As you can imagine, our employees are all very intelligent and creative to operate efficiently in this type of environment. Once established in our culture, employees tend to stay.
We have also purposely avoided growth for growth's sake, diluting our product mix, or changing our mission over the past 30 years. We knew that uncontrolled growth would force us to expand our staff to include the type of employees who look at their job solely as a way to make a wage. What we look for are employees who see their jobs also as a source of personal fulfillment -- a perspective critical to us for maintaining our brand identity.
Hiring top-notch people who embrace our mission of quality at every level, inspiring them, and rewarding them appropriately means we can retain them. The result is our customers end up having a seamless luxury experience with our products and company.
JD: With brands like Wisdom Audio opening dealers like Sound Components in Miami, Definitive Audio in Seattle, Stereo Exchange in Manhattan - what do you make of the audiophile in-wall speaker movement?
KS: I really like what Wisdom Audio is doing. Their concept of really high performance in-wall and on-wall speakers is long overdue. Transparent has offered reference quality in-wall speaker cables for more than 10 years, so we have been waiting for more performance out of in-wall speakers for a long time. Thanks to Wisdom, people who can't or don't want to have speakers visible in a room now can achieve a level of sound performance they could only dream about in the past.
JD: If an investor came to you seeking your advice as how to start a profitable audiophile business in a top 25 U.S. Market - what advice would you give them?
KS: Having a profitable business and having a large business are probably mutually exclusive objectives in the audiophile business. Because of the limited nature of the market, I think the audiophile business is a good small to medium business opportunity that can be very rewarding. To reap the rewards, business owners need to be good stewards of their mission and all the people they depend upon to carry out that mission including staff, suppliers, and a good dealer network. Small to medium sized businesses do not have the financial resources for meteoric rises. It takes years, focus, and patience to build a specialty brand.
Audiophile manufacturers need to put a considerable amount of time and investment into acquiring and developing really good dealers for the whole high-end audio experience to come together for the end user. A successful audiophile manufacturer needs to treat specialty audio retailers like they are valued partners and expect their dealers to be full participants in the partnership in return.
JD: When skeptical audiophiles and or home theater enthusiasts tell you "All HDMI cables are the same," what do you tell them?
KS: The fact that most typical HDMI cables won't pass an accurate signal in lengths more than 2 meters while more generously designed HDMI cables do work well at longer lengths should be proof enough that HDMI cables make a difference. If that is not enough evidence to be convincing, all you need to do is try a Transparent HDMI cable to know that superior conductors, dielectric insulation, cable construction, and termination make a significant difference in picture and sound quality. Transparent offers three performance levels of HDMI cables. All are high-speed HDMI and 3D video compliant. Performance HDMI cables start at $100 for one meter and High Performance HDMI starts at $250. Our ultimate Premium HDMI starts at $500. Performance and High Performance HDMI in lengths over 20 feet come equipped with an active network terminated into the cable and calibrated for length to compensate for cable attenuation and skew.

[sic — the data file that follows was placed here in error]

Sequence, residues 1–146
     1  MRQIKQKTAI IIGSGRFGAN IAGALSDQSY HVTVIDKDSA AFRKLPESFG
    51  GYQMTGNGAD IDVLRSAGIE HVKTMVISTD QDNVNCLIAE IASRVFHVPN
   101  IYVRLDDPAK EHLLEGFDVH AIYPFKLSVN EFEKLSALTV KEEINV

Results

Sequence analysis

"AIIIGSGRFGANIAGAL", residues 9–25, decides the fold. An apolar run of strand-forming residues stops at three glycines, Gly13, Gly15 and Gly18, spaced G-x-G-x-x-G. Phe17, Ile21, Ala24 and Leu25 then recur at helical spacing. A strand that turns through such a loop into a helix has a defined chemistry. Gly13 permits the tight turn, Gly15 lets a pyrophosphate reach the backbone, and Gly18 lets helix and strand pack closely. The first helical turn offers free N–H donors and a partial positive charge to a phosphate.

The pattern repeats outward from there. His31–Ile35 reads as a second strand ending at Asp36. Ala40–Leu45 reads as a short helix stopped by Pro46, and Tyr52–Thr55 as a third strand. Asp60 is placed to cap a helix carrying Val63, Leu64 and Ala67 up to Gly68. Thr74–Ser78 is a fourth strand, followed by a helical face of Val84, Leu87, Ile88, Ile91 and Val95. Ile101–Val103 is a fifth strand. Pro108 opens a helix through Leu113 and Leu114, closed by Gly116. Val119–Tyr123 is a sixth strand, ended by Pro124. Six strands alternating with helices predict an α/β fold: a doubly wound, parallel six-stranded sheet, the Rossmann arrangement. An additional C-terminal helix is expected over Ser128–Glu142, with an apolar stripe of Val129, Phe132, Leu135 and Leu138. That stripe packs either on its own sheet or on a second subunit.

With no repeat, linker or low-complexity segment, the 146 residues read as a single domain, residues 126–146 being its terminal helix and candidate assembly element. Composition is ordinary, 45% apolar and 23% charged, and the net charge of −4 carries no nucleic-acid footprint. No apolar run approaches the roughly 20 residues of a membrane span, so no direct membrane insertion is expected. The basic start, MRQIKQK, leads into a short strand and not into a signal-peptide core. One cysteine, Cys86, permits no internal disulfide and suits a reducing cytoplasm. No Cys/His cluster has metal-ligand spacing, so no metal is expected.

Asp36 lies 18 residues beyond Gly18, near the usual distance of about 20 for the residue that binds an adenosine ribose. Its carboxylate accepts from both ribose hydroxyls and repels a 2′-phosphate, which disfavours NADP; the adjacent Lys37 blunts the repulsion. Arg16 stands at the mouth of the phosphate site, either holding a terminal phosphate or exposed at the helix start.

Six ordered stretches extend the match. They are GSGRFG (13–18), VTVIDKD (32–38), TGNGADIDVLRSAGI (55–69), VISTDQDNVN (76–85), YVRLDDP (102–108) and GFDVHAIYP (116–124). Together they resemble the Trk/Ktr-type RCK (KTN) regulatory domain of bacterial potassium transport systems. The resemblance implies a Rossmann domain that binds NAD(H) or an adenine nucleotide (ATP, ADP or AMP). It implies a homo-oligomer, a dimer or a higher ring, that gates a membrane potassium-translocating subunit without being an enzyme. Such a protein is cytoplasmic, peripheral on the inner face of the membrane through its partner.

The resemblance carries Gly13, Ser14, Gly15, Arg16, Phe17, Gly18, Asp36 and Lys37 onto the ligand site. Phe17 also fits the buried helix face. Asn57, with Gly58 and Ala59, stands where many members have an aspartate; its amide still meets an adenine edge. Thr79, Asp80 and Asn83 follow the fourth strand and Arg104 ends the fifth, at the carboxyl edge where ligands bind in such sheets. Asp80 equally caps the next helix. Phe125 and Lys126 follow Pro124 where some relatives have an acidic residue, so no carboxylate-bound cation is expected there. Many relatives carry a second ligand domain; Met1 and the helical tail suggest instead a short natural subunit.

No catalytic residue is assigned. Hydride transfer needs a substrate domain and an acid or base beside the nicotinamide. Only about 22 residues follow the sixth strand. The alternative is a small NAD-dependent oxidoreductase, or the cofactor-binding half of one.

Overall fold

JD: If you bought an Audi R8 would you chrome plate it?
KS: Never! I'm just not into glitz. The form and function of this beautiful machine do not need to be enhanced.
Are you making a backhanded comment about audiophile products that are all show and no go?
JD: (No - I was poking fun at Monster Cable's Noel Lee and his newest acquisition for his car collection which is a chromed Audi R8. I bet he won't let me drive it now. JDC)
Why do women stereotypically shy away from audiophile systems when they tend to love music?
KS: I really don't want to offend audiophiles or anyone else, but some audiophile systems really don't sound much like music. The gear and creating a particular kind of sound tends to be an end unto itself in these systems, and consequently the natural musical balance of the system suffers. To non-audiophiles and music lovers, some of these systems actually create sound that is off-putting and irritating because the sound is not musically authentic. This is often of no significant consequence to the audiophile who is more interested in changing the way the system sounds with different equipment than in trying to come closer to a musical ideal. I have met audiophiles who actually are very serious when they proclaim that they like the sound of their system better than the sound of live music. They will focus on a certain type of music to play on the system they think sounds great and play those few pieces again and again, but the system is typically not musically satisfying with a broad range of music.
Real musical sounds are all around us and the ability to recognize them and be moved by them is in our DNA. One doesn't have to be an audiophile to recognize when a system is musically authentic.
I think it would be great if more audiophiles empowered their significant others who love music to get more involved in the system building process and encouraged them to speak up when the system veers from musical truth. It's not that audiophiles don't like music. It's just that some of them get so focused on hardware and creating a particular kind of sound that they lose their way.